Photo Gallery: Grand Central Through The Years

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deadly accident at the old Grand Central Depot in 1902 led the busy terminal to be redesigned. Over a decade, William Wilgus and his construction crews sunk the tracks underground and switched from steam to electric service -- keeping the trains running the whole time.

From steam engine depot to the grand Beaux Arts monument that opened in 1913 and stands today, explore this gallery of photographs of Grand Central. It features several images from the mid-20th century taken by Boris Y. Klapwald.||

Steam driven trains snake into the 19th-century Grand Central Depot. Its train yard extended from 42nd Street to 56th Street.

|Collection of the New York Historical Society;||

Railroad tycoon Cornelius "Commodore" Vanderbilt's old Grand Central Depot, seen from Vanderbilt Place and 42nd Street in 1871, the year it opened.

|Getty Images;||

The iron and glass train shed at the old Grand Central Depot featured massive arches -- the biggest in the United States at the time.

|Frank English/MTA Metro-North Railroad;||

When Grand Central was rebuilt in the early 20th century, crews put in loop tracks so incoming trains could discharge passengers and pass around to the other side of the train yard for service.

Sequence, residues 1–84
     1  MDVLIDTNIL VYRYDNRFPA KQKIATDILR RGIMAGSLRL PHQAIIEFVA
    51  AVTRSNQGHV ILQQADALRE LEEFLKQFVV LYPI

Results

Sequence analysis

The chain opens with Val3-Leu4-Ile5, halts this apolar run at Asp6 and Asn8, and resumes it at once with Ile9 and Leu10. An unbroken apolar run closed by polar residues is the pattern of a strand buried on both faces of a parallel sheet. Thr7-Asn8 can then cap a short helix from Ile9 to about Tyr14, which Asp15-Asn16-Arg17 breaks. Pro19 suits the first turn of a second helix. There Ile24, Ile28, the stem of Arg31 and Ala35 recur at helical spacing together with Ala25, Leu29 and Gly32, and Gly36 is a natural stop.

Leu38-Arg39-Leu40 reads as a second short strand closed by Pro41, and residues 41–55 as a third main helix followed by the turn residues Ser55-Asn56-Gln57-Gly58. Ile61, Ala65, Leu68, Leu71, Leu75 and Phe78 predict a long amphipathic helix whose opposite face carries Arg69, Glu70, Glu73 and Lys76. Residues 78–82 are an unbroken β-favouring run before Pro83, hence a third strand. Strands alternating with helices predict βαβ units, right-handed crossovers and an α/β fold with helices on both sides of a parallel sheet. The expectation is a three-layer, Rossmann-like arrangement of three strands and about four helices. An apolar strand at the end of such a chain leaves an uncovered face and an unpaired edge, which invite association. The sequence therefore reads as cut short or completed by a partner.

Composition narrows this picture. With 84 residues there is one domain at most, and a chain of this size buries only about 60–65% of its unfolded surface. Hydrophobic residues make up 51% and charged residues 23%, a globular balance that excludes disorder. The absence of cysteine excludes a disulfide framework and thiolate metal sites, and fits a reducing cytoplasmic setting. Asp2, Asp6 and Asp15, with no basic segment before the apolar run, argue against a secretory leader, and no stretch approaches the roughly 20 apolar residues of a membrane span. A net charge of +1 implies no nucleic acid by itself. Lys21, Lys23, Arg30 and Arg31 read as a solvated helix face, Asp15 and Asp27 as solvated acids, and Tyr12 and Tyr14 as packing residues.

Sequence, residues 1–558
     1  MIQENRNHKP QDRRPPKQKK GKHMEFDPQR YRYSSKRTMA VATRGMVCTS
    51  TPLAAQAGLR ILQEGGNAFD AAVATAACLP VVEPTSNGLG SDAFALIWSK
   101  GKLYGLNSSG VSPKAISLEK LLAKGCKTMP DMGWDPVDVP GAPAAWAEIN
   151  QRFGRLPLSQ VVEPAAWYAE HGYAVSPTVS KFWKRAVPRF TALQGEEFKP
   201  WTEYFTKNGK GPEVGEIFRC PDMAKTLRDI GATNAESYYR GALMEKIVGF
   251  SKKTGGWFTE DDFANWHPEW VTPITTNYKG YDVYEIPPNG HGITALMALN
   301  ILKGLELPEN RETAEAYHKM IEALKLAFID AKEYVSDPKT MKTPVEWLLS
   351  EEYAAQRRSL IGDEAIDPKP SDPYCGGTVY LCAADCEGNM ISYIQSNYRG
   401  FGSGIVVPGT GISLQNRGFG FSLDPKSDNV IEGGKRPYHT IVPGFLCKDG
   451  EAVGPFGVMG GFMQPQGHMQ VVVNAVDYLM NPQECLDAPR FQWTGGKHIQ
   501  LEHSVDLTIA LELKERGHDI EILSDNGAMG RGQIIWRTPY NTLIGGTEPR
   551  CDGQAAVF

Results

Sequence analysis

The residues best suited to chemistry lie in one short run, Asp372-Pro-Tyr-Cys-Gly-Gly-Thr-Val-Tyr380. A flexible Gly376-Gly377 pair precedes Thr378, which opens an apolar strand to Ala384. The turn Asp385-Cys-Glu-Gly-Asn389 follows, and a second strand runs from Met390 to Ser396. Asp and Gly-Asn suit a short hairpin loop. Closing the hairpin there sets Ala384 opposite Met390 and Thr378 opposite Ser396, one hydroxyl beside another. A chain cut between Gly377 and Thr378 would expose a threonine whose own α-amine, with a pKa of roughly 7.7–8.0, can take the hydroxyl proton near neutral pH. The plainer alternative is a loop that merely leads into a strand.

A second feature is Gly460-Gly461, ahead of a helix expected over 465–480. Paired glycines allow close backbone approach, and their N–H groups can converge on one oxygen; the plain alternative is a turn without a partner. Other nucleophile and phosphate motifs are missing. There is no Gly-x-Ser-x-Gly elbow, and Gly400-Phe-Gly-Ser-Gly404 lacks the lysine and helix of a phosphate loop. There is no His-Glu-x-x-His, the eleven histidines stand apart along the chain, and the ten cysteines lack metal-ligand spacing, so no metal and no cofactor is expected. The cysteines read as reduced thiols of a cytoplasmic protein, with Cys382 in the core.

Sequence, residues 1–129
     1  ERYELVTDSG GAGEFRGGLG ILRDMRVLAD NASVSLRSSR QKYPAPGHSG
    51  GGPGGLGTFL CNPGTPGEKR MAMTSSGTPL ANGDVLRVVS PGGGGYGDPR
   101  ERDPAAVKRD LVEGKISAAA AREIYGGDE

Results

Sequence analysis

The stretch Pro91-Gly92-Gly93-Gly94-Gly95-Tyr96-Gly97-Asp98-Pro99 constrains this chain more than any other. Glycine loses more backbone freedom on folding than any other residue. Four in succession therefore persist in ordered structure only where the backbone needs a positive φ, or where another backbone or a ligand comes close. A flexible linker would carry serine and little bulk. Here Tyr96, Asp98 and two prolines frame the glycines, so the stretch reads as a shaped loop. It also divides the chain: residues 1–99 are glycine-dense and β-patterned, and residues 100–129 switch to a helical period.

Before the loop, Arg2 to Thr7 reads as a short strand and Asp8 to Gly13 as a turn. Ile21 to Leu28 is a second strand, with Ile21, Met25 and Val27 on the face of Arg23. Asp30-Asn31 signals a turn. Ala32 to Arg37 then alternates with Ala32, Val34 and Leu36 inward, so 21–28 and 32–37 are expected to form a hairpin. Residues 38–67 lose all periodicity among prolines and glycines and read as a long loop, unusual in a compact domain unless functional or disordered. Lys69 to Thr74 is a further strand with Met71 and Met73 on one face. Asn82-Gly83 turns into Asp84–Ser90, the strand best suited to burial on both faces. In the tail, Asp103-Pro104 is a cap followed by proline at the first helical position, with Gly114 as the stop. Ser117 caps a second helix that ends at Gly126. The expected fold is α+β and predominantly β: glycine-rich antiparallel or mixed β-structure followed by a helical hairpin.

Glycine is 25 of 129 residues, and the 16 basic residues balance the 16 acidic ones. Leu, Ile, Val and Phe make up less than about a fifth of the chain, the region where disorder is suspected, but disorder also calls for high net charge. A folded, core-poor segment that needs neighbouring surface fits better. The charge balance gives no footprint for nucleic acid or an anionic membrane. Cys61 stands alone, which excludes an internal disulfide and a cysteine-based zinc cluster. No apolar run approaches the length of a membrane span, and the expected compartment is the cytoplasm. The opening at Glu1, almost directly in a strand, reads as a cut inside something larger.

|Avert Architectural and Fine Arts Library, Columbia University in the City of New York;||

Grand Central's builders pioneered the concept of air rights. Engineer William Wilgus called it "taking wealth from the air." Once the New York Central's tracks were electrified and buried below street level, the space above was leased to real estate developers to pay for the entire project. Today, few who walk north on Park Avenue realize the tracks are below them.

|Frank English/MTA Metro-North Railroad;||

This January 1912 photo of the new building's construction shows its massive steel frame.

|Collection of the New York Historical Society;||

Architect Charles Reed devised the plan to raise up Park Avenue and wrap it around both sides of Grand Central Terminal.

|Library of Congress;||

The enormous scale and ornate elegnace of Grand Central's interior tells visitors they have arrived. 

|Corbis Bettmann;||

Like all train stations, Grand Central attracts a diversity of passengers. Its concourse floors are made of Tennessee marble.

|Boris Yale Klapwald courtesy of Brain Ink;||

Reunions, farewells, and chance encounters are a part of daily life at Grand Central Terminal.

|Boris Yale Klapwald courtesy of Brain Ink;||

The main concourse set a grand stage for this World War II defense bond campaign. 

|The New York Public Library, Astor Lenox and Tilden Foundations;||

Grand Central Terminal was the departure point for many soldiers going to fight in World War II.

|Collection of the New York Historical Society;||

The balcony of the main concourse was home to a "Service Men's Lounge" during World War II.

|Collection of the New York Historical Society;||

Children wait and nap in the quiet of the elegant Main Waiting Room.

|Boris Yale Klapwald courtesy of Brain Ink;||

Grand Central's so-called Whispering Gallery has vaulted ceilings with Guastavino tiles. A whisper in one corner carries across the ceiling and can be heard in the opposite corner.

|Corbis Bettmann

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